especially in the Great Lakes Region. Breeding habitat has been replaced
by shoreline development and recreational uses causing plover numbers to
plummet. Similar threats face the species on its wintering grounds where
loss of habitat threatens the ability of these birds to survive to the next
breeding season.

As a listed species under the Endangered Species Act, the piping plover is
already protected wherever it occurs and Federal agencies are required to
consult on any action they take which might affect the species. The
designation of critical habitat will help the species by ensuring Federal
agencies and the public alike are aware of the habitat needs of this
species and that proper consultation is conducted when required by law.

Today's proposal is in response to lawsuits brought by Defenders of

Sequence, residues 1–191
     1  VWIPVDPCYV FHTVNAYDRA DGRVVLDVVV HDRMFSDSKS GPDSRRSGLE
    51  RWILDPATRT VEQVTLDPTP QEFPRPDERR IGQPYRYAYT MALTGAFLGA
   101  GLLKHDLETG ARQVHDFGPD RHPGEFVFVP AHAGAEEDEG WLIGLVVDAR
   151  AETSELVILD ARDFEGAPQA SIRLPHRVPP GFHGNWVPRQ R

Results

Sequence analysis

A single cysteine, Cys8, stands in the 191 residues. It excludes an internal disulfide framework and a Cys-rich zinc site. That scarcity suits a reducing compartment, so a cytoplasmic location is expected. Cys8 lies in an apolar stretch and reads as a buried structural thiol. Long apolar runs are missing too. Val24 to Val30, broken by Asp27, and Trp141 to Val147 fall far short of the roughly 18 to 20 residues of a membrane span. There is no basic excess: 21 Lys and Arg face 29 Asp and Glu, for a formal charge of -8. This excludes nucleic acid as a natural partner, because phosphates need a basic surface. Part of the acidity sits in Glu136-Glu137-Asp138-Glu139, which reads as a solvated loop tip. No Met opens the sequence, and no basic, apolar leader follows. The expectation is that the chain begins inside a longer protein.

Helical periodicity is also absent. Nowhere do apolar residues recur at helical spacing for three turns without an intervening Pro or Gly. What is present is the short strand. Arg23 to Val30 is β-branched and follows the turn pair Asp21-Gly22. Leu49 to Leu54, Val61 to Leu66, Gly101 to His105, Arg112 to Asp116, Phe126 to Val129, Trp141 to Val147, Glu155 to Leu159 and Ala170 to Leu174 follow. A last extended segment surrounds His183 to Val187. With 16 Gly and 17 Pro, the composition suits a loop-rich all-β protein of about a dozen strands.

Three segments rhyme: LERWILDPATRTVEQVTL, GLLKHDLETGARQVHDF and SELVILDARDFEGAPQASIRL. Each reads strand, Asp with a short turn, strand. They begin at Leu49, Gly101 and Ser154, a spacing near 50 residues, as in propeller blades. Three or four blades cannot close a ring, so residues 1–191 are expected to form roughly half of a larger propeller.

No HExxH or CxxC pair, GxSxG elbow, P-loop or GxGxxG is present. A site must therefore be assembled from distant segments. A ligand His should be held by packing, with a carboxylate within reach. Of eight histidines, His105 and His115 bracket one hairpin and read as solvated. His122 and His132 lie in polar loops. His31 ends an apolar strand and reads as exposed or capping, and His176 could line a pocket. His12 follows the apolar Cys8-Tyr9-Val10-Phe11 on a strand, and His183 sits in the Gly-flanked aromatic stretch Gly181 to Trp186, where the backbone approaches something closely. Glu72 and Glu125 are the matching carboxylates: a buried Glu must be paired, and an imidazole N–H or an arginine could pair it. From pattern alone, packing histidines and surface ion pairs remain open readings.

Wildlife. As a result, the Service was directed to publish proposed
critical habitat for the breeding and wintering habitat for the Great Lakes
population of the piping plover by June 30, 2000, with a finalized
designation due by April 30, 2001. The Service was also ordered to
designate critical habitat for the Great Plains population by May 31, 2001
with a final rule by March 15, 2002. At this time, two separate proposals
are being published, one for the Great Lakes breeding habitat and one for
the wintering habitat for all piping plovers.

A complete description of the two proposed critical habitat designations
for the breeding population along the Great Lakes and wintering populations
of piping plovers will be published in the Federal Register. Copies of the
proposals and maps are available by contacting the U.S. Fish and Wildlife
Service at the addresses below or may be downloaded from the Worldwide Web
at http://plover.fws.gov.

The proposal will be published in the July 6 Federal Register. Service
will accept written comments from the public for 60 days following
publication in the Federal Register. Written comments on the Great Lakes